In the "season of giving," fund investors should consider just how charitably they feel toward their mutual funds.

If your fund portfolio gives you warm, comfortable feelings, you can finish the year confident that your monies are well positioned. If, however, you've got funds that have been disappointing, it's time to make a decision.

In the early 1990s, most experts suggested living with below-your-expectations performance for about three years before bailing out. These days, with improved performance-measurement tools and additional indicators, most experts now suggest allowing 18 months on the watch list, give or take six months for individual circumstances.

Studies show that investors tend to leave funds at the wrong times, with too many changes resulting in "buy high, sell low" returns. That's why investors must decide just how much leeway they'll accept.

There is no reason to stick with a fund whose yo-yo performance, mediocre returns or downright awful behavior is unacceptable. But it takes more than a few bad months to see that, which is why investors should focus on having a solid "sell discipline."

"How long you wait before giving up on a fund depends on the degree of underperformance and the reasons for it," says Russel Kinnel, director of fund research at Morningstar Inc. "You had good reasons for buying the fund, you should have good reasons for selling it, and that's usually not as simple as 'They've had a bad six months.'"

One reason to evaluate your funds now is that there are tax benefits to selling losers before the end of the year. If you have long-term gains in the fund, however, waiting until January to make a change will postpone taxes on those gains until 2007.

Think of your portfolio like an investment party, where each fund gets an invitation and you must decide whether to invite them back or kick them off the guest list. Make that decision by answering the following questions:

1. Has the fund changed shape, size or character?

Performance can sour for many reasons. A bad year may coincide with a change in managers, a rush of new assets or a hike in costs that cuts returns. When poor performance is aligned with a critical change in a fund's makeup, you must decide if the fund can still meet your needs.

2. Overall, has the fund lived up to my expectations?

One bad stretch should not turn you off to a fund, particularly if it has delivered in the past. The better the fund has performed for you -- and relative to its peers -- the more patience it has earned.

If the fund has not inspired your confidence and patience, take that as a sign.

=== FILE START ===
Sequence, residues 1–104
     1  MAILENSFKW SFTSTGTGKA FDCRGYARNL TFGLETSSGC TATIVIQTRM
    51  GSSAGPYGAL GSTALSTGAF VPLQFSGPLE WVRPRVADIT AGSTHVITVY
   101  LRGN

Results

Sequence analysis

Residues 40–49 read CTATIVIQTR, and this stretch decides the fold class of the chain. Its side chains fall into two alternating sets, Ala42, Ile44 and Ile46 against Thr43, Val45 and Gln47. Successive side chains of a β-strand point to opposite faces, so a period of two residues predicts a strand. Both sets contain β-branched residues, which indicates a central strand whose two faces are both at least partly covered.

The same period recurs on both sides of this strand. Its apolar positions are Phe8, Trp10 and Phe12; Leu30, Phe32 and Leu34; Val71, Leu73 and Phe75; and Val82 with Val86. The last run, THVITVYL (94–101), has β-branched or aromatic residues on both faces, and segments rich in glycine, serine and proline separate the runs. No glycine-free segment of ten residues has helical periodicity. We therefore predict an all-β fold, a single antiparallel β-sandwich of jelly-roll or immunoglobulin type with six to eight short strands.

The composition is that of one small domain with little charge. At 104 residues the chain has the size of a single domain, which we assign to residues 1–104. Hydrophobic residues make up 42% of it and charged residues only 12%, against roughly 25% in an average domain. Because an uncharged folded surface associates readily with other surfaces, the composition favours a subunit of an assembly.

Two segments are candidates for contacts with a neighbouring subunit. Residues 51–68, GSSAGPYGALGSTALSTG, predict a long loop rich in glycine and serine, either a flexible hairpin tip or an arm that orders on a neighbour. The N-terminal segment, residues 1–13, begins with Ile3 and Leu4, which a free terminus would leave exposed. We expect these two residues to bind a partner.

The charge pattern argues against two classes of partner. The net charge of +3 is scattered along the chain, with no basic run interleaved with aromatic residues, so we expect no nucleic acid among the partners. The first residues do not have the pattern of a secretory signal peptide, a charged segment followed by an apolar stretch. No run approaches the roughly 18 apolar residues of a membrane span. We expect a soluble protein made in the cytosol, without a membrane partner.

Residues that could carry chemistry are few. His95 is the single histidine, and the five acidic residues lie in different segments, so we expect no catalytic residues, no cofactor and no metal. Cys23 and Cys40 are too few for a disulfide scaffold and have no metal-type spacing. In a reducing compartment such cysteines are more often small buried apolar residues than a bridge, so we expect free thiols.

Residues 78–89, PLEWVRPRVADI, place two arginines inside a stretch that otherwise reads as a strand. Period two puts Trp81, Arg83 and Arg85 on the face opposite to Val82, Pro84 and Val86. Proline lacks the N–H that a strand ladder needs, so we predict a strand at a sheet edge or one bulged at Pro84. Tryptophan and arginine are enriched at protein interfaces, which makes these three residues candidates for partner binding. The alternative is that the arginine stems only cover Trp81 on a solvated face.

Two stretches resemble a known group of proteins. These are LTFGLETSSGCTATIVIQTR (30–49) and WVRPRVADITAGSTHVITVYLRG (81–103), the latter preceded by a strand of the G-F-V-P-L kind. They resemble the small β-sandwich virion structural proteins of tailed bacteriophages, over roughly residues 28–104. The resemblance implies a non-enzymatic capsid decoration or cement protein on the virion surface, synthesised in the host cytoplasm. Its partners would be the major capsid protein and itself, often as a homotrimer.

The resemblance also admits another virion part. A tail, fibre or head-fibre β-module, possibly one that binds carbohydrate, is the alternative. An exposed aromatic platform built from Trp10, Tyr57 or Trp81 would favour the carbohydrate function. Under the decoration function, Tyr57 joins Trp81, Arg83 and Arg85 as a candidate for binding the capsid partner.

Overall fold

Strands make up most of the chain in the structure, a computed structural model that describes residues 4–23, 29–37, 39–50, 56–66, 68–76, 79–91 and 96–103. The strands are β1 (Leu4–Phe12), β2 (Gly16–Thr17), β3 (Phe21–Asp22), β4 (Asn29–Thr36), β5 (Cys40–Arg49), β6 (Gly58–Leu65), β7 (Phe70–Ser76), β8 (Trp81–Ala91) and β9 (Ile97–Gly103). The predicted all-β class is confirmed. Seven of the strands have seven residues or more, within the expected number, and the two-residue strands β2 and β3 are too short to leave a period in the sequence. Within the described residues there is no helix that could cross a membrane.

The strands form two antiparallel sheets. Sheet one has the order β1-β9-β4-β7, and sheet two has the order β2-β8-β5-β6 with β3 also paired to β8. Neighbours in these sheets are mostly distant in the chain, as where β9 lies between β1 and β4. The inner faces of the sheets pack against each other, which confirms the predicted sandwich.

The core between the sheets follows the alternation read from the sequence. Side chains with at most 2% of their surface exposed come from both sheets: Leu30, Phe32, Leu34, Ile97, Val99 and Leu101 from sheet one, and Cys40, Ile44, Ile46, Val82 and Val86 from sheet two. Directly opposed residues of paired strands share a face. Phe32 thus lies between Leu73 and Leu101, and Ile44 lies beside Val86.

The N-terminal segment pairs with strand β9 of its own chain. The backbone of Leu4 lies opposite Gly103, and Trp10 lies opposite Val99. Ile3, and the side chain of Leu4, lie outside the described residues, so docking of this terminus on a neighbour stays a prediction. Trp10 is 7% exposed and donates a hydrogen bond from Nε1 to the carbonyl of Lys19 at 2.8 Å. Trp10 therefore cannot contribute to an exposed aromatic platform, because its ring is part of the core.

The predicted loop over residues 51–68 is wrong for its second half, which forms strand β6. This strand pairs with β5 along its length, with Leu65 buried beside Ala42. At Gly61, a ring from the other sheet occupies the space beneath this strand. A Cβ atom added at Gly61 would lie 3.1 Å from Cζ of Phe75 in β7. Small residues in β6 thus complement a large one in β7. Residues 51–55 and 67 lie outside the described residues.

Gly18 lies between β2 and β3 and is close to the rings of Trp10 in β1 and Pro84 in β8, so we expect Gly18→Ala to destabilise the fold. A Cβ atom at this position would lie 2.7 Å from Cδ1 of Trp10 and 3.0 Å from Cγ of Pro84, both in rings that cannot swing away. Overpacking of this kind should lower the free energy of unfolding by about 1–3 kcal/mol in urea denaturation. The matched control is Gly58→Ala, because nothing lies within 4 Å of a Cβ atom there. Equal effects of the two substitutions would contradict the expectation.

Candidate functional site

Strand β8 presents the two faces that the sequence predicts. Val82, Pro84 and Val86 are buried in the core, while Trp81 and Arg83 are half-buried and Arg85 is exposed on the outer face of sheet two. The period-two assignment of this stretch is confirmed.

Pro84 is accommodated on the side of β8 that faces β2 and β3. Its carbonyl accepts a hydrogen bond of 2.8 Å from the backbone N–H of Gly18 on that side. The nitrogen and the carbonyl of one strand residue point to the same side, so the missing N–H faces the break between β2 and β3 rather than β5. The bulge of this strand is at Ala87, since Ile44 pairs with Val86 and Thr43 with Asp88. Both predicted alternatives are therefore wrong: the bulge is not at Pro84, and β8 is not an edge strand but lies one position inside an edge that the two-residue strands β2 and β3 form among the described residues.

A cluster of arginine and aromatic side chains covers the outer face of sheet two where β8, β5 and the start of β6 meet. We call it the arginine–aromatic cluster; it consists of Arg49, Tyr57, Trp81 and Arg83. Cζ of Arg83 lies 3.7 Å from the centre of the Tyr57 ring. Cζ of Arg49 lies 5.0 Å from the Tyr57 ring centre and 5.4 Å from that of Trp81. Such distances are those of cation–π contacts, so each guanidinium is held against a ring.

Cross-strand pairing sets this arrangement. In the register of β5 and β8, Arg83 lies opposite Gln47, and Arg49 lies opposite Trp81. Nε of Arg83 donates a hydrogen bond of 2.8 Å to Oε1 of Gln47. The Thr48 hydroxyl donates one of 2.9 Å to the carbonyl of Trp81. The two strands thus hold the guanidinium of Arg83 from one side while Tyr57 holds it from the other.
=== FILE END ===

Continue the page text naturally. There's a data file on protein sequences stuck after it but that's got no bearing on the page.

3. What does management say about performance?

If a fund has been testing your patience, read up on how the manager justifies the ride or call the fund for an explanation of what happened. Make sure that the current reasoning is sound and that you come away believing a rebound is in order.

Most of us want a fund that's consistent, not jumping around from one investment style to the next. When management loses confidence in its discipline, that's a sign of trouble.

4. Have my objectives for the money changed?

Every fund should have a role in your portfolio, so think about the purpose of the investment and review performance by looking first at your own needs.

Over time, your objectives may change, particularly as you near investment goals. The idea is to reach those goals, not to hang on to the funds that got you there. If you bought a growth fund but now need safety and income, you may have a bad fit.

5. Does my portfolio need a change?

Even if your objectives remained steady and you believe the fund can rebound, look at the big picture to see whether your overall investment strategy would benefit from a change. If you need to re-allocate and have a fund that prompts you to raise these questions, this might be a good time to rebuild your portfolio.

6. Would I buy the fund again today? Do I prefer an alternative?

This is always the key question, and you should keep a list of why you first buy a fund in order to answer this question later. When the answer is "No," it's time to make sure that charity begins at home; stop giving your money to a manager who has stopped serving you and find something better.